In San Francisco, single-family homes are being phased out under something called “Plan Bay Area,” a regional development plan written by unelected bureaucrats over loud objections from the people whose lives it will change.
The Plan calls for sharp limits on future housing and business development across the Bay Area. Nearly 80% of new housing and two-thirds of new jobs will only be allowed to develop in a scant 5% of the region.
The San Francisco-Oakland Bay Bridge towers over the city skyline at dusk. (AP Photo/Marcio Jose Sanchez)
San Francisco and the surrounding region is already the most expensive place to live in the country. The Plan will only exacerbate the housing shortage and drive rents and home prices further up.
So why would the bureaucrats behind Plan Bay Area foist it on these people? They contend that it is needed to address greenhouse gas emissions from housing and transit.
Yet, even under the bureaucrats’ rosy projections, these draconian restrictions will reduce emissions from the region by only three-quarters of 1%.
The Plan won’t get much return from severely restricting people’s liberty to live how and where they choose because it relies on major expansions of light and heavy rail that people don’t want to ride. In the Bay Area, transit is particularly unreliable because transit employees strike, as they did shortly after the Plan was approved, causing transit emergencies. But ridership had better skyrocket to justify the significant environmental impacts of building and operating these new rail projects.
It would be too easy to chalk this plan up to San Francisco’s idiosyncrasies. Not so fast.
The federal government has called for metropolitan areas across the country to adopt similar plans in their bids for federal transportation funds. It’s also giving “livability grants” to communities that restrict housing development in similar ways. Cities quite unlike San Francisco have been following its lead—including Des Moines, Iowa, and Lafayette, Louisiana.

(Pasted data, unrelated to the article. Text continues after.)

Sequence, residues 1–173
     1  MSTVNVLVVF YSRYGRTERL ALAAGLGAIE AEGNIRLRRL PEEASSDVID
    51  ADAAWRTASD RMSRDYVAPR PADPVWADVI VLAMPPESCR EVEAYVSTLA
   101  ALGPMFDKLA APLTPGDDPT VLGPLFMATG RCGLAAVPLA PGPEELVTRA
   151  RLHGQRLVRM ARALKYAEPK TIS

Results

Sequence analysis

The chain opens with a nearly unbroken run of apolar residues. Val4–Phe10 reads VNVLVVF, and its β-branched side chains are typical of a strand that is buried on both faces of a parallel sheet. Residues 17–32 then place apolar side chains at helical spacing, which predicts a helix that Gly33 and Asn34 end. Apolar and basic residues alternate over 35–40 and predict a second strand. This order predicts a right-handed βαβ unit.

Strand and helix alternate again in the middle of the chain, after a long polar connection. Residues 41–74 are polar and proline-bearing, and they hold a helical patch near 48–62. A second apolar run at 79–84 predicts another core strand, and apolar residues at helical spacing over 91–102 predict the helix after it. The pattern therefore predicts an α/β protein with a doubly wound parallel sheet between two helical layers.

The federal government promotes this type of planning as a means of encouraging economic growth. But this is largely bunk. As one critic of Minnesota’s restrictive transit-oriented plan noted: “What do ‘people magnets’ like [Atlanta, Dallas, and Houston] have in common? Less burdensome government regulation and fewer land use restrictions. Both are strongly correlated with greater economic growth.”
Admittedly, many communities have severe housing shortages and economic difficulties. But government restrictions on development are often the culprit, not the solution.
In the Bay Area, for instance, the housing shortage is a product of zoning restrictions—which, ironically, have long forbidden the types of dense development the Plan calls for—rent controls, affordable housing mandates and overly-burdensome environmental regulations like the California Environmental Quality Act (a favored tool for NIMBYs and construction worker unions).
There’s a desperate need for reform. But further restricting development isn’t reform. It’s more of the same.
Urban planners—like those responsible for Plan Bay Area—have disliked the ways Americans choose to live their lives for decades. In the middle of the 20th century, vibrant, though poor, communities were routinely bulldozed to be replaced by planner-preferred housing projects that permanently displaced and disrupted communities.
Nearly 20 years ago, Portland planners latched on to the environment as justification for rearranging people’s lives. They called for reducing the share of people who live in single-family homes from 65% to 41%.
Plan Bay Area and its copies are merely the latest round in this conflict between planners and the people whose lives they want to control.